While working from home was the norm in the first year of the pandemic, many companies are now embracing permanencewhich, according to experts, make companies more vulnerable to compared to when their staff is on site.
For employers, securing their data and servers could be one of the most difficult parts of juggling workers in person and remotely, according to Laura Hoffner, cybersecurity expert and chief of staff at the management company. of Concentric Risks.
Mitigating security risks has proven to be a “very big headache” for companies that manage workers logging into company devices from various locations, according to Hoffner. “What you are really seeing is that the vulnerabilities are increasing as we grow this network and more and more people are working from home,” she told CBSN.
In early spring 2020, working from home became necessary to mitigate the spread of COVID-19, which appeared quite suddenly in the United States, forcing office workers to abandon their desks without much preparation.
“The default was, ‘How can we make it as easy as possible for the employee? “Which is an understandable flaw and appreciated by most,” Hoffner said. “Unfortunately, these very crucial security measures which are taken into account from the start – must now be applied retroactively.”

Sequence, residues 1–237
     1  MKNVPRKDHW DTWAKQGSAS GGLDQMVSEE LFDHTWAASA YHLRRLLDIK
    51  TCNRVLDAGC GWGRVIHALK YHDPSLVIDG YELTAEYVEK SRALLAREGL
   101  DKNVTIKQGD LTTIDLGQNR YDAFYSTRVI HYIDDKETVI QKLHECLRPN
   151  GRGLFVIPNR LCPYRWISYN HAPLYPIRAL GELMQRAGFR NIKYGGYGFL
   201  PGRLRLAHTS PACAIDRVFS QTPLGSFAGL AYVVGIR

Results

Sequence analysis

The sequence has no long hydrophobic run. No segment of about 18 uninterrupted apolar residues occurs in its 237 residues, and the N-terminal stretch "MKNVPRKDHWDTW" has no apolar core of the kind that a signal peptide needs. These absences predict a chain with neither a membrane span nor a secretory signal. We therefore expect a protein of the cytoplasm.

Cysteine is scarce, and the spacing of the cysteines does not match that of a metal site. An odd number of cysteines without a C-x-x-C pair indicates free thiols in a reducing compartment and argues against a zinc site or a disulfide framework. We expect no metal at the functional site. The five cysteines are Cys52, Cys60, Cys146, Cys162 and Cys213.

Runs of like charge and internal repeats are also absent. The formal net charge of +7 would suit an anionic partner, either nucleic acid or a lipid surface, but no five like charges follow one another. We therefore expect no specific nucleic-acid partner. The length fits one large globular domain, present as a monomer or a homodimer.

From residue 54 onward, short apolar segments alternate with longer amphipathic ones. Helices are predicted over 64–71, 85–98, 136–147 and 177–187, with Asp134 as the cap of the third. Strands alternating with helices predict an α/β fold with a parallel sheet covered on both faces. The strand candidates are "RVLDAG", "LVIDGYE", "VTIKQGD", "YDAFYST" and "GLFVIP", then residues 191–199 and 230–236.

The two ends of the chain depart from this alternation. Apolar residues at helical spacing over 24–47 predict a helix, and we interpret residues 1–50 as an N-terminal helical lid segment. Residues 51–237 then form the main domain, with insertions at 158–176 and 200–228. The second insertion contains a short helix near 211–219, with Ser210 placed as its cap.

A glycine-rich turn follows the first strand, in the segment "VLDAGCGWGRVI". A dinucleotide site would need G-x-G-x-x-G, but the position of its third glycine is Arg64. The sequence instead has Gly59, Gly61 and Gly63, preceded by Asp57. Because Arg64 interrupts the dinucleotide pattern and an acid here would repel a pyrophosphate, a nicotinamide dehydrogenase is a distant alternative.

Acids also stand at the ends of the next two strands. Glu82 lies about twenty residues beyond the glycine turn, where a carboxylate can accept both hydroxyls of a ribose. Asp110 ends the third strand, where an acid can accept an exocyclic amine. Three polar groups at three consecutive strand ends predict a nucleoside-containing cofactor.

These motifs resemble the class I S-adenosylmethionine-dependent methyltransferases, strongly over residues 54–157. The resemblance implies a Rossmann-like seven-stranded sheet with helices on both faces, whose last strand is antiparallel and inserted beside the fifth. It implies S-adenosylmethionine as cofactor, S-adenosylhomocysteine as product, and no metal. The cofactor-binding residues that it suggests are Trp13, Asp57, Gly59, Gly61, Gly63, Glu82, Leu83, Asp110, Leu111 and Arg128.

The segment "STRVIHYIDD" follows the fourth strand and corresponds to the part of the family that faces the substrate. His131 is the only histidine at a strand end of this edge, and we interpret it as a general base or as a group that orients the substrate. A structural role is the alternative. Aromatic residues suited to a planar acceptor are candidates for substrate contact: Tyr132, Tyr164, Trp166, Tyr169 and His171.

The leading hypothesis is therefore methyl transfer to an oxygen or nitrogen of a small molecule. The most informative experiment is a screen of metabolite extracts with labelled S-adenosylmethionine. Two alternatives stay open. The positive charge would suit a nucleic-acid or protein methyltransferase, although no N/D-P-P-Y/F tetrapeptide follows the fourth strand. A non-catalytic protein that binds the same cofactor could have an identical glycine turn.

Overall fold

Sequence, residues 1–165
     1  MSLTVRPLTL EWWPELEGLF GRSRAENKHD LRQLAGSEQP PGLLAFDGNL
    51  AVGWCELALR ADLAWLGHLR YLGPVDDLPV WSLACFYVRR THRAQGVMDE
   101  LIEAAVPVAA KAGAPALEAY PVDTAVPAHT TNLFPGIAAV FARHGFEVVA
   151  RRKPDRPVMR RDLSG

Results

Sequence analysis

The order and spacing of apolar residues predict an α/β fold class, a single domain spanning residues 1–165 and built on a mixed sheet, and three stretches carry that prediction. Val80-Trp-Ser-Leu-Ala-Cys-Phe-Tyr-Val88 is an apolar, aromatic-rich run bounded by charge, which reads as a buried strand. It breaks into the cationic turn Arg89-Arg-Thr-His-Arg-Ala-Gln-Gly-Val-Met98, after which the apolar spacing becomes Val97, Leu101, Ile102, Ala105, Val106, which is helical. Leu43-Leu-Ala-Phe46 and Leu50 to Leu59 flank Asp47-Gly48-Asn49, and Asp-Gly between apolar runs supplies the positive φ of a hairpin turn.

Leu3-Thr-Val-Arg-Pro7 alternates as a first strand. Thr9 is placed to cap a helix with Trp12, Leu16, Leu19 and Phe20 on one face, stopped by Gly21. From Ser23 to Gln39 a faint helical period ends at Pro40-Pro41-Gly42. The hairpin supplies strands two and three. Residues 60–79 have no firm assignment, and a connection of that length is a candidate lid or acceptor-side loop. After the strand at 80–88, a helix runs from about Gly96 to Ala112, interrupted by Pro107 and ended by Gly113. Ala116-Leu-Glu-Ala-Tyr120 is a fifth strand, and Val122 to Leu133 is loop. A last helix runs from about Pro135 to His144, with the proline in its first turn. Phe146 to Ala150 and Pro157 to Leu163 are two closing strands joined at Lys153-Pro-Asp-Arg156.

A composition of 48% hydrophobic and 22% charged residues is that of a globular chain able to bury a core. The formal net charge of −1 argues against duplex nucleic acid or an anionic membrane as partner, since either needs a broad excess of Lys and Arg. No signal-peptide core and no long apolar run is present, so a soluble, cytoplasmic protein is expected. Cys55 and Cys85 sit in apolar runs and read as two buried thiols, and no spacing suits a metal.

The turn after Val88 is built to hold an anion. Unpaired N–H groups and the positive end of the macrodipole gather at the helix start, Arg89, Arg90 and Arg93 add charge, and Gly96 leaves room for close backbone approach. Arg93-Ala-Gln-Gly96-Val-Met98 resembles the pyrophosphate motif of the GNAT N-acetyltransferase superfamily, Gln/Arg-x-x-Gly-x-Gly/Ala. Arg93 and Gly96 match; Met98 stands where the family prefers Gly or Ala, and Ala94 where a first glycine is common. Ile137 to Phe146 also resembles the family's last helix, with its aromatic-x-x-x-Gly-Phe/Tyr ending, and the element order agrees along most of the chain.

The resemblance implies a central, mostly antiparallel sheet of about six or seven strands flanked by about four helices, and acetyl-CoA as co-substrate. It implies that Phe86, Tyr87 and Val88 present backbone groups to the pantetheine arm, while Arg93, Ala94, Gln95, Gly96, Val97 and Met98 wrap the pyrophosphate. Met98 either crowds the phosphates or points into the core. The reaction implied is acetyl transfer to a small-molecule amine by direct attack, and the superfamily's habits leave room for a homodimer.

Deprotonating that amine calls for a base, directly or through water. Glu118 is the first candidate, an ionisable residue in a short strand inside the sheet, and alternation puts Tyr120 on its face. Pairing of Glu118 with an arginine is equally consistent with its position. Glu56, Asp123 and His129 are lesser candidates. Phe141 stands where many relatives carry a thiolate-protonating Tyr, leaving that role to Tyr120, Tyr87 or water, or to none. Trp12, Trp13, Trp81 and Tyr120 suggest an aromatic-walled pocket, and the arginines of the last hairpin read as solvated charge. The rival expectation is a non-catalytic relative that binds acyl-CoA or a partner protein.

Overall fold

Proven security practices
There are, however, proven security practices that can help keep businesses safe.
- Multi-factor authentication systems, for example, are a good place to start. “Layers. You absolutely have to go through layers of cybersecurity,” Hoffner said.
- Companies should also continuously assess and update cybersecurity measures. “It will be an ongoing effort. Security and cybersecurity in particular is not a one-size-fits-all process. You have to constantly re-analyze what new vulnerabilities are, how new attacks occur, and then educate as much as possible, ”Hoffner mentioned.
- Make sure the Wifi routers are corrected or up to date; never rely on default passwords and install anti-virus or intrusion detection software to minimize risk and use a virtual private network (VPN).
- It’s critical that everyone in an organization is vigilant about protecting their devices, Hoffner said, because one weak link “can really break the chain for the whole business.” Unsuspecting individuals can expose businesses to attack, for example, if they accidentally open a phishing email or lose a device.
“We miss those days when the biggest problem was the physical vulnerability link – you leave your laptop somewhere. But now, unfortunately, it’s really entered the full spectrum,” Hoffner said. “You don’t have to leave your laptop anywhere for it to be vulnerable.”